NME2 Reduces Proliferation, Migration and Invasion of Gastric Cancer Cells to Limit Metastasis

PLOS ONE, Feb 2015

Gastric cancer is one of the most common malignancies and has a high rate of metastasis. We hypothesize that NME2 (Nucleoside Diphosphate Kinase 2), which has previously been considered as an anti-metastatic gene, plays a role in the invasiveness of gastric cancer cells. Using a tissue chip technology and immunohistochemistry, we demonstrated that NME2 expression was associated with levels of differentiation of gastric cancer cells and their metastasis into the lymph nodes. When the NME2 gene product was over-expressed by ;in vitro stable transfection, cells from BGC823 and MKN45 gastric cancer cell lines had reduced rates of proliferation, migration, and invasion through the collagen matrix, suggesting an inhibitory activity of NME2 in the propagation and invasion of gastric cancer. NME2 could, therefore, severe as a risk marker for gastric cancer invasiveness and a potential new target for gene therapy to enhance or induce NME2 expression.

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NME2 Reduces Proliferation, Migration and Invasion of Gastric Cancer Cells to Limit Metastasis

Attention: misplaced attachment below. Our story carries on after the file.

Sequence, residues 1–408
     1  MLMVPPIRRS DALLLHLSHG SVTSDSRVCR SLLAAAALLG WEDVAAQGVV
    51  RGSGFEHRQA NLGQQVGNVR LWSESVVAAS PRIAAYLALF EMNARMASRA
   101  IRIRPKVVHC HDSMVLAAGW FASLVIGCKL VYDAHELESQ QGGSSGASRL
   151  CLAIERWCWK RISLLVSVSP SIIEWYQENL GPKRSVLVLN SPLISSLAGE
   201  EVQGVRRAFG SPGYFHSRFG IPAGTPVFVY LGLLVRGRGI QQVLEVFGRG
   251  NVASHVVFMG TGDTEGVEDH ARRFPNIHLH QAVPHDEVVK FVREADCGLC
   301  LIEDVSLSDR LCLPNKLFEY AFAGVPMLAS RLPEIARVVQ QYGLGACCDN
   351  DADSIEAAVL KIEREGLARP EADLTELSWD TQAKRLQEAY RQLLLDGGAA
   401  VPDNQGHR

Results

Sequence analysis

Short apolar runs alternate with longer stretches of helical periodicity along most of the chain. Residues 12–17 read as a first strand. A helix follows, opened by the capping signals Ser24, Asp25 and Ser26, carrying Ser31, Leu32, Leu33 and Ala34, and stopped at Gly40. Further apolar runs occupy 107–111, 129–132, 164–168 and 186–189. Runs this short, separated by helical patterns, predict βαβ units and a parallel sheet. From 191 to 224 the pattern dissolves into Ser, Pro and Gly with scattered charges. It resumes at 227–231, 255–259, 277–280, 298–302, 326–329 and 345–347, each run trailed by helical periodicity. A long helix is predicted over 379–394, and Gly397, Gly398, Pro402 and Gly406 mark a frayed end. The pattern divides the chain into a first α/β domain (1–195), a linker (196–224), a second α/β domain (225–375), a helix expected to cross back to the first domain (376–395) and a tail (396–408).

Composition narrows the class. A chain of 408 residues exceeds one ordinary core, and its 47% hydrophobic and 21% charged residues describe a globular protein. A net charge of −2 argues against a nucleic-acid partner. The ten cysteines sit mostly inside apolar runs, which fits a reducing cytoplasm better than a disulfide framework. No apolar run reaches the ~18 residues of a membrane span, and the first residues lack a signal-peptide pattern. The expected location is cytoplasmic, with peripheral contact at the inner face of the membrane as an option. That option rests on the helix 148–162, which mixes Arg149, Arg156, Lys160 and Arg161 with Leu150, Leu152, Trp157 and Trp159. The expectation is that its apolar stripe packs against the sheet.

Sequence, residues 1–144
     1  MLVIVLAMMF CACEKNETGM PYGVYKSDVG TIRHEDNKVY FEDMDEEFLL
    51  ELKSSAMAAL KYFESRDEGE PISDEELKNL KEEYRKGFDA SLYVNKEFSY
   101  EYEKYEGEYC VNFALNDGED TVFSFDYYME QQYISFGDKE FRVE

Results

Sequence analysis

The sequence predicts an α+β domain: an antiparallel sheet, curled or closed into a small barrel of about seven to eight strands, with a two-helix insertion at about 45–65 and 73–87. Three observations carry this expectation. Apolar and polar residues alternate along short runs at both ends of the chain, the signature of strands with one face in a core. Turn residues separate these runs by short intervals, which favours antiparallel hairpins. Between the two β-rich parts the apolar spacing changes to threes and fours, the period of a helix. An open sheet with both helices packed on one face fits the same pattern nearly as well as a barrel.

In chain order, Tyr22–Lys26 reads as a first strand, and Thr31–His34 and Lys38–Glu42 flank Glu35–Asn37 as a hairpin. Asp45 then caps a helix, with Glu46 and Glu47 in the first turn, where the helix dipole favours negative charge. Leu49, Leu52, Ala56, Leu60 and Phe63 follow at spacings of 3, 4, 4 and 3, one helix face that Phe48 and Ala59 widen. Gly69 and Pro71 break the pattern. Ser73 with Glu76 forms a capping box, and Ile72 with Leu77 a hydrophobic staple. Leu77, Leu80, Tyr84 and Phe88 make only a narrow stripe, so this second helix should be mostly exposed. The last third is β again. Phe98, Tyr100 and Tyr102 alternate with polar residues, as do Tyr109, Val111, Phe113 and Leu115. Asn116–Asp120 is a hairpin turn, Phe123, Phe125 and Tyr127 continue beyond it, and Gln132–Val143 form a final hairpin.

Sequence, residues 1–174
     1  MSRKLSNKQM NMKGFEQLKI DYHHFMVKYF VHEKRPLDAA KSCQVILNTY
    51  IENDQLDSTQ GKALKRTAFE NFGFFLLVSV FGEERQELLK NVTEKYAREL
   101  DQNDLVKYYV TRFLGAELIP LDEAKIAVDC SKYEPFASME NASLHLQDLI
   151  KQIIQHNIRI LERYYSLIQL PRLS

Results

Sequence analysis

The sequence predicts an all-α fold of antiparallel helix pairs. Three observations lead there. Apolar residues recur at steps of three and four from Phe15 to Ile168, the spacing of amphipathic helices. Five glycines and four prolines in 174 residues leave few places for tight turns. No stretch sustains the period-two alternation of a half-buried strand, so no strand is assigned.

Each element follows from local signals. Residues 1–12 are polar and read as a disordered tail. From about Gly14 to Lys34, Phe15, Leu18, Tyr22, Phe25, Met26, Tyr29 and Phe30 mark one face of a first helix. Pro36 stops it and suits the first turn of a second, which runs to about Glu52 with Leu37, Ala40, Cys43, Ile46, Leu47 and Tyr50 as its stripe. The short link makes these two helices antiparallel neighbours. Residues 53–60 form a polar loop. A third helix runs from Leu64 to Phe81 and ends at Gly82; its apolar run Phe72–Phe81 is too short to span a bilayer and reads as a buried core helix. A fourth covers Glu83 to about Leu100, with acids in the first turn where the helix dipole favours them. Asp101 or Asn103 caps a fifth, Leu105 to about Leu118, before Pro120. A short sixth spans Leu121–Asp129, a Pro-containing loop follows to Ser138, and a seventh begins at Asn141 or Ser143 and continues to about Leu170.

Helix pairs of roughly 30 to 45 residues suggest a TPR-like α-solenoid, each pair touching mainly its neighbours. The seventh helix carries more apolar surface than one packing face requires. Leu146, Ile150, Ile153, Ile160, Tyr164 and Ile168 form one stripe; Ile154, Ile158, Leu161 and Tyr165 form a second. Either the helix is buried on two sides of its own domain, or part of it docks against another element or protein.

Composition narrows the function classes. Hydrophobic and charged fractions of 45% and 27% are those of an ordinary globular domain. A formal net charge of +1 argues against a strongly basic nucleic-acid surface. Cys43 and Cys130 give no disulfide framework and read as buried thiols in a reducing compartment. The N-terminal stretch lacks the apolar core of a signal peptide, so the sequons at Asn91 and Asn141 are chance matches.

February NME2 Reduces Proliferation, Migration and Invasion of Gastric Cancer Cells to Limit Metastasis Yan-fei Liu 0 1 2 Aijun Yang 0 1 2 Wei Liu 0 1 2 Chenyu Wang 0 1 2 Min Wang 0 1 2 Lihan Zhang 0 1 2 Dongcang Wang 0 1 2 Jing-fei Dong 0 1 2 Min Li 0 1 2 0 1 Institute of Pathology, School of Basic Medical Sciences, Lanzhou University , Lanzhou , China , 2 Department of Pathology, Xi'an Children's Hospital , Xi'an, China, 3 Puget Sound Blood Center, Seattle , Washington, United States of America, 4 Division of Hematology, Department of Medicine, University of Washington, School of Medicine, Seattle, Washington, United States of America, 5 Key Laboratory of Preclinical Study for New Drugs of Gansu Province, Lanzhou University , Lanzhou , China 1 Funding: This study was supported by the program supports for Chang-Jiang Scholars and Innovative Research Team in University (PCSIRT:IRT1137) and the Basic Research Funds for the Central Universities (lzujbky-2013-ct06). The funders had no role in the study design, data collection and analysis, decision to publish, or preparation of this manuscript 2 Academic Editor: Jian Cao, Stony Brook University , UNITED STATES Gastric cancer is one of the most common malignancies and has a high rate of metastasis. We hypothesize that NME2 (Nucleoside Diphosphate Kinase 2), which has previously been considered as an anti-metastatic gene, plays a role in the invasiveness of gastric cancer cells. Using a tissue chip technology and immunohistochemistry, we demonstrated that NME2 expression was associated with levels of differentiation of gastric cancer cells and their metastasis into the lymph nodes. When the NME2 gene product was over-expressed by ;in vitro stable transfection, cells from BGC823 and MKN45 gastric cancer cell lines had reduced rates of proliferation, migration, and invasion through the collagen matrix, suggesting an inhibitory activity of NME2 in the propagation and invasion of gastric cancer. NME2 could, therefore, severe as a risk marker for gastric cancer invasiveness and a potential new target for gene therapy to enhance or induce NME2 expression. - Competing Interests: The authors have declared that no competing interests exist. Cancer remains as a leading cause of death, accounting for 14.1 million new cases and 8.2 million deaths in 2012 [1]. The numbers of new cases are expected to increase 70% worldwide to 22 million within the next two decades [2]. Cancers in the lungs, stomach, liver, colon and breasts have the highest mortality [3]. Gastric cancer cells can directly spread to adjacent organs (local invasion) such as the pancreas, the transverse colon, the liver and the spleen as well as to remote lymph nodes, the lungs, and bone tissue. While being two different pathological processes, local invasion and remote metastasis are interconnected where the former often promotes and propagates the latter. Genetic mutations and their aberrant products are key hallmarks and enablers of cancer cells for proliferation, resistance to apoptosis, local invasion, metastasis, immune evasion, angiogenesis, and response to DNA damage. NME (Nucleoside Diphosphate Kinase 2 or Non-Metastatic Cells) represents a group of cancer-associated and/or cancer-regulating genes. NME consists of a family of 10 genes that are also known as the NM23 genes [4] and has been associated with suppressing cancer metastasis and invasion to local tissue [5]. Among the members of this gene family, NME1 and NME2 have been extensively studied for their cancersuppressing activities. NME2, which is mapped on chromosome 17q21 [6,7], encodes the B subunit of the nucleoside diphosphate (NDP) kinase [4]. Its product has been reported to inhibit the metastasis of breast cancer and melanoma cells; and a decrease in its expression was correlated with a greater metastatic potential of these cancers [8,9]. However, NME2 overexpression was also associated with poor prognosis for neuroblastoma and osteosarcoma [10,11]. Moreover, the NME2 gene was not correlated with the metastasis of endometrial hepatocellular and thyroid carcinoma [1214]. These apparently conflicting data suggest that NME2 may have differential effects on different types of cancer cells and their ability to locally invade surrounding tissues or metastasize to remote organs. Because of these diverse NME2 activities on different cancer types, we analyzed tissues surgically removed from patients with gastric cancer and associated the NME2 expression in these tissues with their pathological characteristics. This pathology study was complemented by in vitro experiments, where we examined rates of proliferation, migration and invasion of gastric cancer cells that have been stably transfected with a human NME2 cDNA to overexpress its product. These in vitro experiments are designed to understand the invasiveness of cancer cells that express different levels of NME2. Materials and Methods This study was approved by the ethic committee on conducting human research of Lanzhou University, School of Medicine. Patients or their guardians provided their written informed consent before being recruited into the study. Tissue immunohistochemistry We analyzed NME2 expression in gastric cancer and adjacent normal tissues surgically removed from 139 patients admitted to the Army Regional Hospital in the city of Lanzhou from 2011 to 2012. No patients received chemotherapy or radiation therapy before surgery. These surgically removed cancer tissues were processed for hematoxylin and eosin (HE) staining. Briefly, a wax module was punched 42 aperture holes (67 holes/chip) of 2 mm each. Tissue blocks were embedded in these holes (one sample/hole). This wax module was then sectioned so that tissues from 40 patients could be examined simultaneously on a single slide to ensure stain uniformity. For control, first and last holes were embedded with tissue from the noncancerous liver and kidney, respectively. NME2 expression was detected using a commercial immunohistochemistry kit (Beijing ZSGB Biotechnology Co, Ltd.) with a rabbit anti-human NME2 antibody (1:300 dilution, Beijing Biosynthesis Biotechnology Co, Ltd.) according to the manufacturers instructions. Levels of NME2 expression were numerically scored as shown in Table 1 by a pathologist who was blinded to the clinical information of these patients. Cell culture and cDNA transfection Cells from the BGC823 and MKN45 gastric cancer cell lines were purchased from the Chinese Academy of Science (Shanghai, China). Cells in the BGC823 line were originally from a 62year-old man with poorly differentiated adenocarcinoma of the stomach and those in the MKN45 line derived from a metastatic mass of the liver from a 62-year-old Japanese woman with an undifferentiated adenocarcinoma of the stomach. Cells from both lines had residual levels of NME2 expression and are, therefore, ideal for studying the impact of overexpressing this gene product on gastric cancer cells in vitro. The cells were cultured in a DMEM medium (Sigma, St. Louis, MO, US) containing 10% of fetal calf serum (Hangzhou Sijiqing Biological Engineering Materials Co., Ltd., Hangzhou, China) at 37C with 5% CO2 and 95% air. At 7080% of confluence, these cells were transfected with a cDNA for the human NME2 gene that was cloned into a pcDNA3.1 vector (Shanghai GenePharma Co.,Ltd. Shanghai, China) using lipofectamine 2000 as the DNA carrier (Invitrogen, Grand Island, NY, US). Cells stably expressing NME2 (designated as NME2) were selected by growing the transfected cells in the DMEM medium containing 1 mg/ml of G418. Control cells were transfected with the pcDNA vector without the NME2 cDNA insert (designated as mock) and underwent the same selection. Un-transfected parental cells were also examined as baseline controls. An overexpression of NME2 was determined by RT-PCR to quantify the level of NME2 mRNA and by immunoblots of transfected cell lysates using a polyclonal NME2 antibody (1:100 dilution, Beijing Biosynthesis Biotechnology Co, Ltd.) RNA isolation and RTPCR Total RNA was isolated from transfected and non-transfected cells using a commercial RNA isolation kit (TaKaRa Biotechnology, Dalian, Liaoning, China) according to the manufacturers instructions. RNA (2 g) from each sample was reverse-transcribed using a PrimeScript RT Kit following the manufacturers protocol. The complementary DNA reversely transcribed from the RNA extracted from these cells was amplified by a Taq polymerase using the following primers for the NME2 cDNA: 5-AAGCAGCACTACATTGACCTGAAA-3 (forward) and 5-GGTCTCCCCAAGCATCACTC-3 (reverse). Glyceraldehyde 3-phosphate dehydrogenase (GAPDH) was also amplified as control using the following primers: 5-GCACCGTCAAGG CTGAGAAC-3 (forward) and 5-TGGTGAAGACGCCAGTGGA-3 (reverse). The amplification reaction was initiated by denaturing DNA at 95C for 5 min, followed by 30 cycles of template denaturing at 94C for 1min, primer annealing at 60C for 1min, and primer extension at 72C for 1min. The NME2 overexpression was quantitatively defined as an increase in NME2 mRNA by two fold or greater from the baseline set by sham transfected cells. Immunofluorescence staining of the NME2 product Cells stably transfected with the NME2 cDNA and a vehicle vector were plated on glass coverslips and allowed to grow until confluence. They were rinsed twice with ice-cold phosphatebuffered saline (PBS), fixed in 4% of paraformaldehyde in PBS for 15min, permeabilized with 0.5% of Triton X-100, and incubated with 1% of bovine serum albumin (BSA) for 30 min to block non-specific binding. The cells were then incubated with a rabbit antibody against human NME2 (1:100, Beijing Biosynthesis Biotechnology) for 24 hr at 4C followed by incubation with a FITC-conjugated secondary antibody (1:100, Beijing Biosynthesis Biotechnology) for 1 hr. All antibodies were diluted in PBS containing 1% BSA. Nuclei were counterstained with DAPI (1:100 in PBS, 10 min at room temperature). Cells stably expressing NME2 and control cells in culture were collected and fixed with 70% of icecold ethanol at 4C for 24 hr, washed twice with ice-cold PBS, and then treated with RNase A (20 g/ml) for 30 min at 37C. They were incubated with propidium iodide (10 g/ml of final concentration) in the dark for 30 min at room temperature before analysis by flow cytometry for DNA ploidy. Colony-formation assay Transfected and control cells were cultured at an initial density of 1,000 cells per 100-mm culture dish in a complete DMEM medium for up to 4 weeks. They were then stained with methyl violet. All cell colonies that were larger than 2 mm in diameter (contained 50 cells) were counted in three separate dishes and expressed as mean SEM. For the purpose of data validation, we also counted viable cells that had been cultured for up to 96 hrs. Briefly, parental BCG823 and MKN45 cells and cells that were stably transfected with either a human NME2 cDNA or the vehicle vector (pc-DNA 3.1) were plated at a density of 2 x 104 cells/ml. They were detached 4896 hrs after initial seeding with 1% trypsin and centrifuged at 1600 x g. Cell pellets were re-suspended in PBS and incubated with 0.04% of trypan blue for 3 min. Surviving cells were counted on a hemocytometer. Assays for cell migration Two complementary assays were performed to measure the impact of overexpressing NME2 on the rate of cell migration. First was a wound-healing assay, where cells were plated in 6 well plates and allowed to grow to 95% confluent. After washing cells twice with PBS, a sterile pipette tip was used to scratch the cell monolayer (45 parallel scratches/plate). Cells were washed again with PBS, photographed to mark scratched tracks, and incubated with 2.5 ml of serum-free DMEM medium. At a baseline rate of cell migration, a scratched area was partially covered by cells migrated into the injured area 2448 hr after injury, resulting in a smaller cell-free area. Because this wound-healing assay is semi-quantitative, the results were further validated by a Transwell cell migration assay. Briefly, 6105 cells suspended in 500 l of serum-free medium containing 0.1% of BSA were plated in a Transwell (BD Biosciences) that was placed in a 24 well plate. The bottom chamber contained 500 l of complete DMEM medium. Cells were allowed to grow in the top chamber for 24 hr to facilitate cell migration from the top chamber to the bottom chamber. In the end of this incubation period, the membrane in the top chamber was fixed with 4% of paraformaldehyde for 30 min, washed with distill water, and air dried. Cells on the opposite side of the chamber (transmigrated) were stained with 0.1% of methyl violet (Dade-Behring, Newark, DE) for 30 min, washed, and viewed under an up-right microscope (x 400, NIKON). Cell migration was defined as numbers of cells on the membrane in 5 random review fields. Assay for cell invasion Transwell chambers were coated with rat tail type I fibrillar collagen [15] for 30 min at 37C. Excess fluid was removed and coated chambers were air dried for 1 hr in a sterile environment. Cells were suspended in 500 l of serum-free DMEM medium containing 0.1% of BSA to a final density of 6105 and plated on the collagen matrix in a transwell that was placed in a 24 well plate. The bottom chamber contained 500 l of complete DMEM medium. Cells remained on the membrane surface were gently removed 24 hr after cells were seeded and the membrane was fixed and stained for cells that had transmigrated through the collagen matrix to the opposite side of the transwell membrane. All data were analyzed using the SPSS 20.0 statistical program. Quantitative values were expressed as mean and SEM. The following statistical analyses were used in the study: Fishers exact test or chi-square test for defining the relationship between NME2 expression and pathological characteristics of cancer tissue; one way ANOVA for group comparison among parental cells and cells transfected with either a vehicle vector or a human NME2 cDNA; and Pearson analysis for correlation between NME2 expression and differentiation and metastasis of cancer cells. We collected surgical specimen from 139 patients with gastric adenocarcinoma. Table 2 lists the demographic information of these patients and histological characteristics of cancer tissue from these patients. NME2 expression was weak or not detected in poorly differentiated tissue, but was intensive in well differentiated tissue at a level comparable to adjacent normal tissue (Fig. 1). A high level of NME2 expression was associated with a significantly reduced rate of metastasis to the lymph nodes (p = 0.038), but not with the size of primary tumor and depth of cancer invasion. A Pearson correlation analysis showed that NME2 expression was independently associated with rates of cell differentiation (r = 0.436, p = 0.000) and spread to the local lymph nodes (r = -0.281, p = 0.001, Table 1). Effect of NME2 on proliferation of gastric cancer cells in culture To further examine the association of NME2 expression with pathological characteristics of gastric cancer cells, we studied cells from the BGC823 and MKN45 gastric cancer lines, which expressed NME2 weakly at a level compared to poorly differentiated cancer tissue (Fig. 1). These cells were transfected with a human NME2 cDNA to overexpress NME2 as quantitatively measured by an increase in the NME2 mRNA (quantitative RT-PCR) and NME2 protein product (immunofluorescence, Fig. 2). We then investigated how overexpressing NME2 regulated cell growth by measuring the DNA ploidy and colony formation of these cells. We detected no difference in the DNA ploidy between cells overexpressing NME2 and those non-transfected and mock-transfected cells from both lines (Table 3 and S1 Fig.), suggesting that an increase in NME2 expression had no effect on cell cycles. However, NME2-overexpressing cells had a significantly reduced capacity to form colonies in culture as compared to sham transfected and non-transfected cells (Fig. 3). This observation was validated by results from a cell-counting method (Fig. 3C) Effect of NME2 on cell migration and invasion We next evaluated the ability of NME2-overexpressing cells to migrate because a directional migration is an important prerequisite for the invasion of cancer cells to surrounding tissue. This directional migration was examined using a wound-healing assay, which measures the rate of cells migration into the area of injury created by a sharp object. As shown in Fig. 4A and Fishers exact test was used to calculate the association of NME2 expression with gender, age, tumor diameter and lymph node metastasis. Comparisons between NME2 expression and histologic characteristic were made using a chi-square test; *<0.05, **<0.01. 4B, the width of an injured area after 48 hrs in cultures was greater for NME2-transfected cells than for non-transfected and mock-transfected cells. The slow migration was found in cells from both cell lines, suggesting that cells overexpressing NME2 migrated much slower. Because this wound healing assay is semi-quantitative, we also quantitatively measure the rate of cell migration using a Transwell assay. Consistent with the wound-healing assay, NME2 overexpressing cells migrated at *50% of non-transfected or mock-transfected cells (Fig. 4). A decrease in cell migration could potentially reduce the ability of these cells to invade surrounding tissue. To investigate this possibility, we measure the invasion of cancer cells to the collagen matrix in a well-established transwell chamber assay. BGC823 cells that overexpressed NME2 significantly reduced their ability to invade a collagen matrix to 60% of non-transfected and mock-transfected cells (Fig. 5). The rate of invasion was similarly reduced in MKN45 cells transfected with the NME2 cDNA as compared to parental cells and those transfected with a vehicle vector (Fig. 5). We have investigated the relationship between the NME2 expression and characteristics of gastric cancer in tissues surgically removed from patients and in cultured cells from two known gastric cancer lines. The study is necessary because NME2 was initially identified as the first metastasis suppressor gene, but its ability to block cancer local invasion and remote metastasis appears to be cell type specific among cancers that have so far been studied [814]. For Fig 1. Expression of NME2 in gastric cancer. An immunohistochemical detection of NME2 expression in tissues from poorly (A), moderately (C), well (E) differentiated gastric cancer and adjacent normal tissue (G). The intensity of NME2 expression in well differentiated tissue is similar to that of normal tissue. The panel B, D, F, H are HE stain of tissues from the same sample blocks (Bar = 100 m). These images are representative of tissue slides from 139 patients enrolled in this study. example, an analysis of 35 patients with thyroid papillary carcinoma and 11 of metastatic lymph nodes showed a significantly reduced level of the NME1 mRNA in metastatic lymph nodes, whereas NME2 mRNA was not changed in the original tumor and lymph nodes [14], Fig 2. Stable expression of NME2 in two gastric cancer cell lines. A & B: RT-PCR profiles of NME2 mRNA in mock and NME2-transfected BGC823 and MKN45 gastric cancer cells (parental BGC823 and MKN45 cells as baselines [BL]). Levels of the NME2 mRNA from 3 separate sets of transfections were quantified by densitometry (ANOVA, n = 3, *p <0.05, compared to baseline). Immunofluorescence staining of NME2 in untransfected (C & F), mock (D & G) and NME2 (E & H) transfected BGC823 and MKN45 cells (Bar = 200 m). A majority of NME2-transfected cells are stained positive for the kinase, which is intensively stained as dispersive and/or granular green fluorescence primarily in the cytoplasm, but also detectable in the nucleus. The patterns and levels of NME2 expression differ slightly in that NME2 in BGC823 cells was more evenly distributed in the cytoplasm with more intensive nucleus staining (E insert), whereas NME2 in MKN45 cells was more granular in distribution, with relatively less nucleus staining (H insert, n: nucleus). suggesting differential roles of NME1 and NME2 in cancer invasion and metastasis. A meta-analysis of 278 patients with colon cancer, 177 with breast cancer, 137 with ovarian cancer and 77 with lung cancer also found a reduced level of NME2 expression in metastatic cancer as compared with non-metastatic cancer [17]. However, despite a negative association between NME1/NME2 expression and cancer invasion to the local lymph nodes and endometrial infiltration, NME expression was not associated with TNM scores and the differentiation of intrauterine membrane carcinoma and cervical cancer [16]. Here, we provide several lines of evidence that NME2 limits the proliferation, migration and invasion to the extracellular matrix of gastric cancer cells. First, a higher level of NME2 expression is found in well-differentiated and less invasive tissue from gastric cancer surgically removed before chemotherapy and radiotherapy in a large *ANOVA group analyses found no difference among untransfected cells and those transfected with either a vehicle vector or a human NME2 cDNA. patient cohort (Table 1 & Fig. 1). The metastasis of cancer to local lymph nodes was more frequently found in the cancer tissue that had a low level of NME2 expression and this correlation between NME2 expression and differentiation/metastasis in these patient tissues remains after the data were stratified for age, gender, the size of primary tumor and depth of invasion (Table 1 & 2). These findings are consistent with a recent report that NME2 binds the telomere repeat binding factor 2 in the nucleus to reduce telomerase activity [37], suggesting a mechanistic link between NME2 expression and survival of cancer cells. Second, we examined effects of over-expressing NME2 on rates of proliferation, migration, and invasion to the extracellular matrix in vitro of cells from the two well-studied gastric cancer cell lines BGC823 and MKN45 [1821]. The transfection with a human NME2 cDNA resulted in a two-fold or greater level of NME2 expression in these cells as compared to mock transfected cells (Fig. 2). This NME2 overexpression did not alter DNA ploidy (Table 3), but significantly slowed the colony formation of these cells (Fig. 3), suggesting that overexpressing Fig 3. Effect of NME2 overexpression on cell proliferation. MKN45 (A) and BGC823 (B) cells transfected with a human NME2 cDNA or a vehicle vector (mock), and untransfected cells (BL) were cultured for 14 days and then quantitatively analyzed for numbers of colonies formed (ANOVA, n = 3, *p <0.05 compared to parental cells [BL]). (C) Numbers of viable BCG823 cells in culture of these three types of cells for up to 96 hrs (ANOVA, n = 3/cell type at each time point, *p < 0.05 compared to parental cells). Fig 4. Effect of NME2 overexpression on cells migration. Parental BGC823 (A) and MKN45 (B) cells and cells that were stably transfected with either a vehicle vector (mock) or a human NME2 cDNA migrate towards the scratch areas (defined by dot lines) 48hrs after injury (panels are representative images from 3 separate sets of experiments). C & D, The migration of these cells were also quantitatively measured in a transwell assay (ANOVA, n = 3/group, *p <0.05 compared to parental cells [BL]). NME2 delays a transition from DNA replication to mitosis. This result is consistent with previous reports that NME2 does not affect the growth of cultured cancer cells and is not associated with the size of primary cancer implanted into animals [2227]. However, it is inconsistent with reports that NME2 promotes [28,29] or reduces [30] the proliferation of other types of cancer cells. Exact reasons for the discrepancy remains to be further investigated, but these data suggest cell type-specific effects of the NME2 gene on the pathogenesis of cancers. Third, in contrast to a minimal effect on the proliferation of gastric cancer cells, the overexpression of NME2 results a significant reduction in cell migration and invasion through the collagen matrix as demonstrated in three distinct, but complementary assays (Figs. 4 & 5). Our data support previous findings of similar inhibitory effects on breast cancer [8], oral squamous cell cancer [28] and melanoma cells [9], although exceptions were again noted in hepatocellular [13,29] and colorectal carcinomas cells [31]. It remains to be determined as whether reduced Fig 5. Effect of NME2 overexpression on cell invasion. Parental, mock- and NME2 cDNA transfected BCG823 (A) and MKN45 (B) cells were measured for local invasion through the collagen matrix in a transwell assay. Panels A (BCM823) and C (MKN45) are snap images of cells that invaded through the collagen-matrix to the flip side of the membrane in transwell chambers. Panels B (BGC823) and D (MKN45) are quantitative summaries of multiple experiments (ANOVA, n = 3, *p <0.05 compared to parental cells [BL]). migration and invasion of NME2-overexpressing cells are resulted from a decreased capability of these cells to proliferation. Our results identified gastric cancer cells as sensitive to over-expressed NME2, but a critical question remains as what regulates these diverse NME2 activities among different types of cancer cells. One potential mechanism is that a NME2 activity depends on up- and downstream molecules that interact with NME2 in a given cell type. Multiple molecules have previously been identified to interact or regulate NME2, such as EGFR, c-erbB-2, c-erbB-3 and sex steroid receptor in ovarian carcinomas [32]. Plakoglobin was reported to interact with NME2 to promote its expression in cells from human tongue squamous cell carcinoma [33]. NME2 was also found to interact with MDM2 (Mouse double minute 2 homolog) to reduce the motility of renal carcinoma cells [34]. MDM2 is an E3 ubiquitin-protein ligase and serves as a negative regulator of the p53 tumor suppressor. The relationship between NME2 gene and genes of myc family appears to be more complicated. Products of the NME1 and NME2 genes have been suggested to be the downstream of the c-myc regulatory pathway [7] and involved in the down-regulation of cdc42 function in neuroblastoma [35]. NME2 is also reported to interact with the G-quadruplex DNA in the nuclease hypersensitive element of the c-myc promoter to induce c-myc expression [36]. A system biology approach to examine these specific pathways instead of individual molecules may be required to dissect roles of the NME2 gene and its product in different types of cancers. In summary, we have demonstrated that an overexpression of NME2 reduces the migration and invasion of gastric cancer cells to the cellular matrix in vitro. As a result, NME2 expression is associated with the well differentiated and less invasitve histology of gastric cancer. These results suggest that the NME2 gene and its product may serve as a potential marker for predicting the invasiveness of gastric cancer and also as a therapeutic target that can be up-regulated through gene therapy. Supporting Information S1 Fig. Effect of NME2 overexpression on gastric cancer cells cell cycle. The DNA ploidy of cells transfected with NME2 cDNA was analyzed by flow cytometry using a commercial kit according to the manufacturers instructions. The panels A-C were for parental BCG823 cells and those transfected with the NME2 cDNA or vector. The panels D-F were for MKN45 cells with the same treatments. (DOC) Conceived and designed the experiments: YFL AJY JFD ML. 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Yan-fei Liu, Aijun Yang, Wei Liu, Chenyu Wang, Min Wang, Lihan Zhang, Dongcang Wang, Jing-fei Dong, Min Li. NME2 Reduces Proliferation, Migration and Invasion of Gastric Cancer Cells to Limit Metastasis, PLOS ONE, 2015, DOI: 10.1371/journal.pone.0115968